Hi Ushio ,

you may find this earlier thread http://www.myArmoury.com/talk/viewtopic.php?t...puff+slash
also interesting (that is if you havent already seen it Wink ) . It deals with an armour that is heavily influenced by the landsknecht "puff and slash" fashion. I personally agree with other forumites that this is just a form of a period "fashion craze" (that could be afforded only by the wealthy élite) and has nothing to do with practical "field" application .

P.S: Your English is just fine , I am sure it will improve tremendously over time. I had (and still have as a non-native speaker of English) a bit of problem discussing such specific matters as arms and armour in English. However it is websites like myArmoury that will help you improve your language skill just by observing discussions.
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Sean Flynt
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PostPosted: Thu 16 Jul, 2009 7:08 am    Post subject:         Reply with quote

Armour follows the fashion, and there's no reason to think that this makes the armour less suited for combat, except in the case of parade armour. In some cases, as with the extremely long and pointed shoes of the 15th c., field armour might be made so that it can be quickly altered as needed (removal or exchange of the long, pointed sabaton toe for dismounted combat). If the toe of the shoe is short and broad, the stirrups will be made accordingly. It simply defies logic that the owner of a complete harness would allow it to be rendered useless by the lack of two pieces of bent iron or a spring pin that allows the exchange of pieces. Big Grin
-Sean

"Everywhere I have searched for peace and nowhere found it, except in a corner with a book"- Thomas a Kempis (d. 1471)
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Sean Flynt
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PostPosted: Thu 16 Jul, 2009 7:45 am    Post subject:         Reply with quote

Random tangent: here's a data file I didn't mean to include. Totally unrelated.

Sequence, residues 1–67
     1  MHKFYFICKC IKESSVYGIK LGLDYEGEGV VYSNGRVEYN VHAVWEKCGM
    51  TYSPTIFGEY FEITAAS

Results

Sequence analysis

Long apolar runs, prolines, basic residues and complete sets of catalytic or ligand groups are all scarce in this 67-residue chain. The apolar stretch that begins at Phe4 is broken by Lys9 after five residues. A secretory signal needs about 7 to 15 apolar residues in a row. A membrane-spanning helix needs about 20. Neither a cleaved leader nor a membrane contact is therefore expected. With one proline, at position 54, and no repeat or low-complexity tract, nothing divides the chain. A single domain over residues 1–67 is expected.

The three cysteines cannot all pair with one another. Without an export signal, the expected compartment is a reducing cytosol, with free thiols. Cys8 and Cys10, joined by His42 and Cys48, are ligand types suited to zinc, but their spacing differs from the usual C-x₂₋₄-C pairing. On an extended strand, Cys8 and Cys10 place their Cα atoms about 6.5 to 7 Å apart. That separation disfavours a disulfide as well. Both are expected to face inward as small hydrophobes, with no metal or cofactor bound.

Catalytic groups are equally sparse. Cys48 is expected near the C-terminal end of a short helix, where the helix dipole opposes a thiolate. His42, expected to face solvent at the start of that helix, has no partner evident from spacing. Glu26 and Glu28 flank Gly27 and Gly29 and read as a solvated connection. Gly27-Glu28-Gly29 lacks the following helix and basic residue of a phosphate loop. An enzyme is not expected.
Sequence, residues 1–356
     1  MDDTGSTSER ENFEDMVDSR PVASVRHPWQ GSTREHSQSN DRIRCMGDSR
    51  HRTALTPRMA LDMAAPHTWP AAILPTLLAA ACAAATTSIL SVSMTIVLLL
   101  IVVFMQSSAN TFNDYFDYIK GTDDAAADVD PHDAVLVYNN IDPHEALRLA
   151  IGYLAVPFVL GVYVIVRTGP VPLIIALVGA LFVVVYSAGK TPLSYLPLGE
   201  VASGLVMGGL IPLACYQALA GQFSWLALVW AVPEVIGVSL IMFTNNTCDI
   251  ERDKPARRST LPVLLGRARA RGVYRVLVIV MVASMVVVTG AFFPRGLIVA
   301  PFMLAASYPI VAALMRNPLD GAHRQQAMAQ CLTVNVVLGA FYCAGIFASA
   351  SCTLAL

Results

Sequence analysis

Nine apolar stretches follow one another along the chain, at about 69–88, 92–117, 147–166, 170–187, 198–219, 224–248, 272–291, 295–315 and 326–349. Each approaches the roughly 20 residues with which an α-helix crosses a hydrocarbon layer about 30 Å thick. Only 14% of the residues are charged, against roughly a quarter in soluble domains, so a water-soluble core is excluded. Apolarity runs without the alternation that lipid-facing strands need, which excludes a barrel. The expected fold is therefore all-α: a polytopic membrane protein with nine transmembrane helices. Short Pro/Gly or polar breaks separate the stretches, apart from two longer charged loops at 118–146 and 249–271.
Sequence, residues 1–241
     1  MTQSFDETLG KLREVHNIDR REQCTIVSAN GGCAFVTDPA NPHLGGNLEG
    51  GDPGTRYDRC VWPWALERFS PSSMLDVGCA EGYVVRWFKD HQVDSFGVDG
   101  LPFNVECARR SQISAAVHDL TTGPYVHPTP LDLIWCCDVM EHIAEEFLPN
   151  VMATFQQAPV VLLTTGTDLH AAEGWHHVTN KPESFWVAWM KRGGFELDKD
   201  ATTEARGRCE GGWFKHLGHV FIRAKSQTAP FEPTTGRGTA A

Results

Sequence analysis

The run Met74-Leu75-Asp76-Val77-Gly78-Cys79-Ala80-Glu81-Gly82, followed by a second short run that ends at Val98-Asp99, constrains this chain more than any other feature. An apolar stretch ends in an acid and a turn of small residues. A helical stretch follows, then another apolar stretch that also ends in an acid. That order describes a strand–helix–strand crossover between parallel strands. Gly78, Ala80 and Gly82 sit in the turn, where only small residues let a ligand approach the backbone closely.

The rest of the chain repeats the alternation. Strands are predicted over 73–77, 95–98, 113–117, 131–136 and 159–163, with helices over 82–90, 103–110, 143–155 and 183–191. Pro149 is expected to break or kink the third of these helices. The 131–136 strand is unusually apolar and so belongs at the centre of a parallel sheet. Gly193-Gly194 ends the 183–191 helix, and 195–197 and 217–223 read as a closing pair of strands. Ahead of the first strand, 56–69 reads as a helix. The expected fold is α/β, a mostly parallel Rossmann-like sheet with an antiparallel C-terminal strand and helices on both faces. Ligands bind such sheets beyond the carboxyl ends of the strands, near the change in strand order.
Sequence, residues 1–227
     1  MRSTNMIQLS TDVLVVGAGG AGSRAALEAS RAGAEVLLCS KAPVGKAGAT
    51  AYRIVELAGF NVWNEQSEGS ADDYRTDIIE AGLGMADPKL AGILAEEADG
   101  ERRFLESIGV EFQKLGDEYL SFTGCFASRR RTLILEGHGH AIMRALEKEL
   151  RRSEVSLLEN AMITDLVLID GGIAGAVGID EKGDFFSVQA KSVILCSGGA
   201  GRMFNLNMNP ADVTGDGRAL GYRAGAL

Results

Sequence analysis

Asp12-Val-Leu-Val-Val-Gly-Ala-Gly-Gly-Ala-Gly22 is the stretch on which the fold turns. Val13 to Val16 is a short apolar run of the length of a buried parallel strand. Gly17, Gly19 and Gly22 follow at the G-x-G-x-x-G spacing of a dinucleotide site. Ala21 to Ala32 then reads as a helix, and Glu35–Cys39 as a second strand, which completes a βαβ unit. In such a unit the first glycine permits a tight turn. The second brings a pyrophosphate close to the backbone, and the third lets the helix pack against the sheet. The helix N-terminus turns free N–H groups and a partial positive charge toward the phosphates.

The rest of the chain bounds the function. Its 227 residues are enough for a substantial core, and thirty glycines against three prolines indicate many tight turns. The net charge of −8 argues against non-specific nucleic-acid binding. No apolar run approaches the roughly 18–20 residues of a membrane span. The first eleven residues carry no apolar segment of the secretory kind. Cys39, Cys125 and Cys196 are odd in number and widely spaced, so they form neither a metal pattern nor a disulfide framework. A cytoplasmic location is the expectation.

Here's the clearest evidence I could find that the Kuhmaul was used by mounted men at arms. You can see that the gilded stirrup is shaped to fit this shoe/sabaton type. By the way, the same search shows Kuhmaul, moderately long and more modern-looking shapes in mounted use in the same period. As for ability to walk in these shoes: Kuhmaul shoes most closely conform to the shape of the human foot and typically appear to be of very thin leather. Walking in a properly made and fit pair would probably feel very comfortable--like walking barefoot but with protection from thorns, etc.


 Attachment: 165.25 KB
kuhmaul.gif


-Sean

"Everywhere I have searched for peace and nowhere found it, except in a corner with a book"- Thomas a Kempis (d. 1471)
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Ushio Kawana




Location: Japan
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PostPosted: Thu 16 Jul, 2009 11:47 am    Post subject:         Reply with quote

Thank you for all of your replies! Happy Happy Happy

Thanks Mr. Adam S., Mr. Mick Czerep, Mr. Bjorn Hagstrom, Mr. Samuel Bena, Mr. Sean Flynt !
I translate your replies into Japanese and read.
It takes tooooo Cry long time... Therefore I cannot write replies immediately. Sorry...

Quote:
How would these Sabatons work with stirrups?


This pdf-document of the link future may be useful.
When I examined it about "splayed-toed sabaton", I found this document.

http://ads.ahds.ac.uk/catalogue/adsdata/arch-...57_160.pdf

Quote:
The replacement of the long-toed sabaton (armourplated shoe) by the broad round-toe type (so-called 'bear-paw' sabaton) at the end of the 15th century necessitated a broader stirrup with a wider footplate. This also prevented the rider's foot from being caught in the stirrup when being dislodged from his mount.

I'm interested in Medieval Arms and Armor.
But... My English is very poor ><;
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Rodolfo Martínez




Location: Argentina
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PostPosted: Thu 16 Jul, 2009 8:41 pm    Post subject:         Reply with quote

Mick Czerep wrote: